We need more directors willing to take risks with films like Get Out.
Whether you're a man or woman, making money by allowing people to push cash inside your g-string is, I think we can agree, demeaning. It's probably worse for women, because the big spenders with $2 probably harbor some vague dream of sleeping with them. In the case of male strippers, I suspect their female fans are looking more for fun and some laughs on their girls' night out.
I could be wrong about this. I'm right about the job, however. Selling anyone the right to touch your genital area for a couple of bucks is not a good way to build self-esteem. Steven Soderbergh's "Magic Mike" makes this argument with a crafty mixture of comedy, romance, melodrama and some remarkably well-staged strip routines involving hunky, good-looking guys. I have a feeling that women will enjoy the film more than men.
Or maybe not. The sculpted bodies on display are a monument to narcissism; a guy who spends hours a day improving his pecs and abs may offer limited conversational skills. Kelly Oxford, the Canadian housewife who won a Hollywood contract for her tweets, just the other week tweeted: "FWIW, I'd rather f*** a 260-pound guy than a body builder."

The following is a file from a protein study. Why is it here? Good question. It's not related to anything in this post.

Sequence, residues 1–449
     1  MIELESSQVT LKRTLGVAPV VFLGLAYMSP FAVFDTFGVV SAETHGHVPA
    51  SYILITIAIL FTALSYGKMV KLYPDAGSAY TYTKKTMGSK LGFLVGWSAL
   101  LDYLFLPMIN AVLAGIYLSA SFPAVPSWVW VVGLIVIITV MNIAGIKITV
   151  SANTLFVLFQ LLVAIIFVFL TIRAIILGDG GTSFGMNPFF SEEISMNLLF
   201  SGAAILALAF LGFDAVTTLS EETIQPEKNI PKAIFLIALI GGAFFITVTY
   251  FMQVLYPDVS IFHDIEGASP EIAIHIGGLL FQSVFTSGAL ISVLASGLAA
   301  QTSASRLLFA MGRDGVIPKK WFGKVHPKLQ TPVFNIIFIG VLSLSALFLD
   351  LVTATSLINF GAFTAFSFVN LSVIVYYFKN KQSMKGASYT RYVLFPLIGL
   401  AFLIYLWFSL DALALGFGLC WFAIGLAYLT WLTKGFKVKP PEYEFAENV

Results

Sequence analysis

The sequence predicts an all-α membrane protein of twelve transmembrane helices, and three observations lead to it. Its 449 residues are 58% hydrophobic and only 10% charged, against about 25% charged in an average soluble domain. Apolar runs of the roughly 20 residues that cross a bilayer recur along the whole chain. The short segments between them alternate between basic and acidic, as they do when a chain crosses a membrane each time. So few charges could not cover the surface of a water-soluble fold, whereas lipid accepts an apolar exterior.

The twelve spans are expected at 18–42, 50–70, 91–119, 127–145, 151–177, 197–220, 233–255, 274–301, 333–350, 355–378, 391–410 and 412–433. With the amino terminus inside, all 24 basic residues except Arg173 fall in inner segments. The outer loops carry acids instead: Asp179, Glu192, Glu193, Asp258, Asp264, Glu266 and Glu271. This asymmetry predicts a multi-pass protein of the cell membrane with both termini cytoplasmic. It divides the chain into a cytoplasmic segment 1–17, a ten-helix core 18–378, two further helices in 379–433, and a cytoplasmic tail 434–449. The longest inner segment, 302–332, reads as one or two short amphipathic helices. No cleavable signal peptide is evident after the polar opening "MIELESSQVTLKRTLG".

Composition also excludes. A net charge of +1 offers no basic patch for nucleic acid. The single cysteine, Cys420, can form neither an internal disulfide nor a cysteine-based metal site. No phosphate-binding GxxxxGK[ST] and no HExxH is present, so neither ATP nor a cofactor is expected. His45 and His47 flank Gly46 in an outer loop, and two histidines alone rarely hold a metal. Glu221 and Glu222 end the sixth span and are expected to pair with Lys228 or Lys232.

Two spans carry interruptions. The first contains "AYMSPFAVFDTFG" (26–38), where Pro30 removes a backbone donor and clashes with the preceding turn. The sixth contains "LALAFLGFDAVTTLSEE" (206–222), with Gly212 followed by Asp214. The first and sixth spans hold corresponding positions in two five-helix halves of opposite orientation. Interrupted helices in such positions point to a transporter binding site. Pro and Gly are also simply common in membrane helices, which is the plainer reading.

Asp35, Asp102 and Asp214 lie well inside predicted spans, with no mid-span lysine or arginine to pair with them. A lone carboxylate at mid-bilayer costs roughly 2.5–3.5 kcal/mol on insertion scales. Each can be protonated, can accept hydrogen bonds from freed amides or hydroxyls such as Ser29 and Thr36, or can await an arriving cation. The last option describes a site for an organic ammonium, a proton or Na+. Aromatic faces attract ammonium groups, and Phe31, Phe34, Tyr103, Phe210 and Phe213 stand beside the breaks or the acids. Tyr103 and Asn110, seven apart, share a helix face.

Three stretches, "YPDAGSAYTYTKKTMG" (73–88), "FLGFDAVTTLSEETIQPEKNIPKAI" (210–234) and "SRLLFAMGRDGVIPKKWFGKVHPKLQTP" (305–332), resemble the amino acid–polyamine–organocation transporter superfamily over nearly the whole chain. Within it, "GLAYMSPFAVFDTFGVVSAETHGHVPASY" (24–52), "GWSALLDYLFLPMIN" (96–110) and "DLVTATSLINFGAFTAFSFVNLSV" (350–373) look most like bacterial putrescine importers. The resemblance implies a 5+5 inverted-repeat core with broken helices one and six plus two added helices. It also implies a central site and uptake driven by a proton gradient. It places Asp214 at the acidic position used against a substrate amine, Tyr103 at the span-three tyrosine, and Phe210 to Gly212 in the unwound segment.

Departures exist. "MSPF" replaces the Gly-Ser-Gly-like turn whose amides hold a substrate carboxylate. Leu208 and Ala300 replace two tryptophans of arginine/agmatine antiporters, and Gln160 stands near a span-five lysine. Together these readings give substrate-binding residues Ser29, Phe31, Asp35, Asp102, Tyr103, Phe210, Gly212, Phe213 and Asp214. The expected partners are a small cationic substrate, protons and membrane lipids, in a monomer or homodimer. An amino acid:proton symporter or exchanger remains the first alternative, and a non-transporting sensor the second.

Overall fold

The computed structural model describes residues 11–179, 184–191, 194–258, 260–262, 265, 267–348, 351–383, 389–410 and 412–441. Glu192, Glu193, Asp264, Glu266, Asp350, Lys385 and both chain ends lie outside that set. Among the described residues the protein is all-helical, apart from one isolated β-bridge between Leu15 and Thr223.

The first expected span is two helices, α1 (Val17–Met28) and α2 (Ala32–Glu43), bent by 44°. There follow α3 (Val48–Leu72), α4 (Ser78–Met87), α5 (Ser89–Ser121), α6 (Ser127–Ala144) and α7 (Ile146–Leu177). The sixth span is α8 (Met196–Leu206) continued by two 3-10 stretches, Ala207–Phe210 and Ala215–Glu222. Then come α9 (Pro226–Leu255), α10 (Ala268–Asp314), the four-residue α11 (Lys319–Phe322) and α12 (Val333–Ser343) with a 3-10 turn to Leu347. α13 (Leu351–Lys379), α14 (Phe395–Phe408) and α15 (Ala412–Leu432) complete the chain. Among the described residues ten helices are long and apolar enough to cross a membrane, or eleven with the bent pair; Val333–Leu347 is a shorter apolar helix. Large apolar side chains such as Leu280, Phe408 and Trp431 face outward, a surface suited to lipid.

"Magic Mike" has the fascination of most backstage movies: It shows a naive kid being drawn into the world of show business. He is Adam (Alex Pettyfer), a handsome 19-year-old, who meets Magic Mike (Channing Tatum) while they're working on a roofing job. Mike dances three nights a week at Xquisite, a marginally successful Tampa strip club. Mike brings Adam along to the club, where he's fast-talked by the boss, Dallas (Matthew McConaughey). The kid has no desire to strip but is pushed onstage wearing his street clothes and told to undress down to his jockey shorts. He is awkward and embarrassed — and not surprisingly an enormous hit, because the ladies think his shyness is an act and love it.